Direct strikes to the forehead (shomenuchi) are a common form of striking technique (atemi) in Aikido practice. However, while there are a variety of effective ways to deal with these types of attacks, none include “blocking” the attack with the same attack.
Blocking a shomenuchi with a shomenuchi places the nage in a significantly disadvantaged position as it is very difficult to break the uke’s balance (kuzushi) at first contact. This is due to the fact that the uke started their strike first and in all probability is going to be in the best strategic position (see photo to left). This is particularly so if they are centred, have the size advantage or armed with a weapon.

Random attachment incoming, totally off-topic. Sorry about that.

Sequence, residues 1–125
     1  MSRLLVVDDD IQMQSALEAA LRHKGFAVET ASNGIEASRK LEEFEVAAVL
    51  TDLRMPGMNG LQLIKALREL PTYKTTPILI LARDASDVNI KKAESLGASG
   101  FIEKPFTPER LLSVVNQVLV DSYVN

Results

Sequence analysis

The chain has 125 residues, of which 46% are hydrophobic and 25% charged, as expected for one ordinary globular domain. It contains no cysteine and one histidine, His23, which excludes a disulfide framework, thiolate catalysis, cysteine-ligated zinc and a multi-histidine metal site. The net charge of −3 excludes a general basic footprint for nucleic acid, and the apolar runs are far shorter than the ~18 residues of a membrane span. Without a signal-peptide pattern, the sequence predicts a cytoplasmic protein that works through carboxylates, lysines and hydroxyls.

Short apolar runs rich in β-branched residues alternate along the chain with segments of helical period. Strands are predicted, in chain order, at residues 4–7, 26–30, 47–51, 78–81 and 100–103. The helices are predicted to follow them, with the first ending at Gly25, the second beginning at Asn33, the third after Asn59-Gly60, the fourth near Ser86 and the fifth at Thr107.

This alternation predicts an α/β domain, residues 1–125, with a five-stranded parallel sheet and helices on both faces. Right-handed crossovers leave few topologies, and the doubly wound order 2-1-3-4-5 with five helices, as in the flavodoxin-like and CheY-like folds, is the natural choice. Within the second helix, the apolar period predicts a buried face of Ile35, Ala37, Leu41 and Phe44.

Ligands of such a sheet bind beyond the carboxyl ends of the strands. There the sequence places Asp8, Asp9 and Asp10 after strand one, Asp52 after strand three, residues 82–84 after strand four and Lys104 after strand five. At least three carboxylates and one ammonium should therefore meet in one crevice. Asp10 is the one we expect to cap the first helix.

An alternate (albeit not the only) option to address a shomenuchi is to enter and strike the centreline of the uke‘s undefended torso (see photo to left). Key aspects of this option are explored in the below video featuring Peter Kelly Sensei, Chief Instructor of Aikido Yuishinkai Australia.
Notably, in O’sensei’s text Budo (1936) there are numerous examples where O’sensei essentially initiates a strike to cause the uke to defend themselves by using shomenuchi. This however is a ruse to set up O’Sensei’s true objective which is to strike the uke‘s centre line as the precursor to executing a technique. Examples where this tactic is used include shomenuchi irimi nage, shomenuchi ikkyo (illustrated in photo above) , shomenuchi kotegeashi and katadori menuchi techniques.
Have a great week, particularly those travelling to this year’s annual Aikido Yuishinkai seminar with Maruyama Sensei in Hobart (25-29 November 2015).
Aikido Warrior Dojo, Brisbane